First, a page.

When used in its most ideal desktop setting, the Vanatoos performed for the most part extremely well. Gesellchen said the Transparent Zeros don’t necessarily need to be perfectly spaced apart, but obviously, he suggested spacing them evenly on the sides of one’s computer monitor (which I did). I listened to a variety of music (Kanye more than anything else, but other stuff too), and the speakers demonstrated great imaging capabilities considering I only spaced them 16” apart. In addition, the T0s’ bass is surprisingly deep for the speakers’ small size (though I did have some issues with extremely low frequencies - more on that later). The Vanatoos reproduced Kanye’s The Life Of Pablo with excellent reverberant space, while Billie Eilish’s WHEN WE ALL FALL ASLEEP, WHERE DO WE GO? exhibited deep yet clean (except when intentionally distorted) bass, Kid Cudi’s massively underrated (there, I said it) grunge album Speedin’ Bullet 2 Heaven had the appropriate grit, and on Thom Yorke’s ANIMA the speakers delivered the recording’s immersive electronic soundscapes. Vocals on every pop, rock, and rap album I played were dead center and alarmingly present for speakers this small and so convenient to set up (it took all of 5 minutes).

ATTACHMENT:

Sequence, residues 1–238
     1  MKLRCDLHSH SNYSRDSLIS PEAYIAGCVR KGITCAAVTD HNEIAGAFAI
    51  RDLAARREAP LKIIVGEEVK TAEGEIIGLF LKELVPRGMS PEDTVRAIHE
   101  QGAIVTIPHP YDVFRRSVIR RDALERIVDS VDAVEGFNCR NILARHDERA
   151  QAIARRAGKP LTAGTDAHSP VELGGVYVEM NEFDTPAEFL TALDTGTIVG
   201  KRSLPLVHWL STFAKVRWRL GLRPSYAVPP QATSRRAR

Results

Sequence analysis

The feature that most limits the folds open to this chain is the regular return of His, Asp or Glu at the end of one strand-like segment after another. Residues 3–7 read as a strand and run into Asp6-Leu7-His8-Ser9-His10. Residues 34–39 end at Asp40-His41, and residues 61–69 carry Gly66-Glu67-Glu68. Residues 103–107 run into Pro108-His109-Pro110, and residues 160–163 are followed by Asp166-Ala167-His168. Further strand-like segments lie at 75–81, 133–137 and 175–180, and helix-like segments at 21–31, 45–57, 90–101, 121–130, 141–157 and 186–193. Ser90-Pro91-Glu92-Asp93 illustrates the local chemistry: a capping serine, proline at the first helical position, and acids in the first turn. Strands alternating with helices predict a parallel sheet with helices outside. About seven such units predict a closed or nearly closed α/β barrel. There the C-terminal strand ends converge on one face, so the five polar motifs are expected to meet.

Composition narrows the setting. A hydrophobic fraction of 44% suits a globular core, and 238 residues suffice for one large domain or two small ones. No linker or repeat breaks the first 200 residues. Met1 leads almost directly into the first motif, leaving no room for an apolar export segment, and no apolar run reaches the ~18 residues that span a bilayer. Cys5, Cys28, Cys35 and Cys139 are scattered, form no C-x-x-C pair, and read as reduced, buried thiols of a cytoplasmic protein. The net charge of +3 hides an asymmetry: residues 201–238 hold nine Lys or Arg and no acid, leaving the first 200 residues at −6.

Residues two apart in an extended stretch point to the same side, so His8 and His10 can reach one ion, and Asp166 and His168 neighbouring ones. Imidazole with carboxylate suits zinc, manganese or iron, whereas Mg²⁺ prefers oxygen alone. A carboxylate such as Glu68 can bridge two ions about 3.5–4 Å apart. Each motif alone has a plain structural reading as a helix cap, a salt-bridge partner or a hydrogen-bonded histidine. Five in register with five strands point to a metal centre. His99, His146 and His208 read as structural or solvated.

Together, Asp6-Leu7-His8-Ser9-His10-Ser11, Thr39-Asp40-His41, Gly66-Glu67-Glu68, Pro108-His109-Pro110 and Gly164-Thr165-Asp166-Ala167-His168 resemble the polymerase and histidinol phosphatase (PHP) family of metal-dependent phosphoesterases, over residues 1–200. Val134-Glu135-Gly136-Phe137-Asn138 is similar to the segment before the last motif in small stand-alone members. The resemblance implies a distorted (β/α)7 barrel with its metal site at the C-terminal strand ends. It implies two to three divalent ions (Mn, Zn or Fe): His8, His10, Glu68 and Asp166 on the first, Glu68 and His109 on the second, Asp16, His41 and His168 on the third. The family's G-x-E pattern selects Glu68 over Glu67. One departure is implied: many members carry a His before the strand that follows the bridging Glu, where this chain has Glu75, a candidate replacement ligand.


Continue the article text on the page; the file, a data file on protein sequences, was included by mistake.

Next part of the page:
Yeezus Didn’t Rise Again on the T0s